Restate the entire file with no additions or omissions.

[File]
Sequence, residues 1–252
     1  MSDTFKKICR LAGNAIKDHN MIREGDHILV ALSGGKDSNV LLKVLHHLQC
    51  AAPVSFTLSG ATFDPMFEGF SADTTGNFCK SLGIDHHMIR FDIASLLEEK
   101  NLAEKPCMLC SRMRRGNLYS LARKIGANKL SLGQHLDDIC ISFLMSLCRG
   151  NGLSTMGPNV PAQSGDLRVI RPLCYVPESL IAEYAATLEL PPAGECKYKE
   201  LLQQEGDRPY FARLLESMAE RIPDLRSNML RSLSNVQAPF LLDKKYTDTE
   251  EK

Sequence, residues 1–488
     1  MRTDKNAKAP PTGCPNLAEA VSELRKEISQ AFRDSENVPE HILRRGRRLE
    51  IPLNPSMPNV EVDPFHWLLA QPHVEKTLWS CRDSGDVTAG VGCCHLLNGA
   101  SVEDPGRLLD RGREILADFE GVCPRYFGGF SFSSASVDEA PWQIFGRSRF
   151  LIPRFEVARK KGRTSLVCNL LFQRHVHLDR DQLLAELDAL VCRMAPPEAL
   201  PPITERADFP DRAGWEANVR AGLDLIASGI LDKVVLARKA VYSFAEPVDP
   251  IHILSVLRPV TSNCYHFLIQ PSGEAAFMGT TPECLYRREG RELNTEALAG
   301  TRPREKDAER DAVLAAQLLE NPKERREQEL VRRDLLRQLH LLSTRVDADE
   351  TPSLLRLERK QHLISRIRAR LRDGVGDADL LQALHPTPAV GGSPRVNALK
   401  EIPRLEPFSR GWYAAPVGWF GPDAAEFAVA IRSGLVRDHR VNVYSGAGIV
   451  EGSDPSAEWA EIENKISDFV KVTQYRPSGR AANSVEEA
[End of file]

Sequence, residues 1–252
     1  MSDTFKKICR LAGNAIKDHN MIREGDHILV ALSGGKDSNV LLKVLHHLQC
    51  AAPVSFTLSG ATFDPMFEGF SADTTGNFCK SLGIDHHMIR FDIASLLEEK
   101  NLAEKPCMLC SRMRRGNLYS LARKIGANKL SLGQHLDDIC ISFLMSLCRG
   151  NGLSTMGPNV PAQSGDLRVI RPLCYVPESL IAEYAATLEL PPAGECKYKE
   201  LLQQEGDRPY FARLLESMAE RIPDLRSNML RSLSNVQAPF LLDKKYTDTE
   251  EK

Sequence, residues 1–488
     1  MRTDKNAKAP PTGCPNLAEA VSELRKEISQ AFRDSENVPE HILRRGRRLE
    51  IPLNPSMPNV EVDPFHWLLA QPHVEKTLWS CRDSGDVTAG VGCCHLLNGA
   101  SVEDPGRLLD RGREILADFE GVCPRYFGGF SFSSASVDEA PWQIFGRSRF
   151  LIPRFEVARK KGRTSLVCNL LFQRHVHLDR DQLLAELDAL VCRMAPPEAL
   201  PPITERADFP DRAGWEANVR AGLDLIASGI LDKVVLARKA VYSFAEPVDP
   251  IHILSVLRPV TSNCYHFLIQ PSGEAAFMGT TPECLYRREG RELNTEALAG
   301  TRPREKDAER DAVLAAQLLE NPKERREQEL VRRDLLRQLH LLSTRVDADE
   351  TPSLLRLERK QHLISRIRAR LRDGVGDADL LQALHPTPAV GGSPRVNALK
   401  EIPRLEPFSR GWYAAPVGWF GPDAAEFAVA IRSGLVRDHR VNVYSGAGIV
   451  EGSDPSAEWA EIENKISDFV KVTQYRPSGR AANSVEEA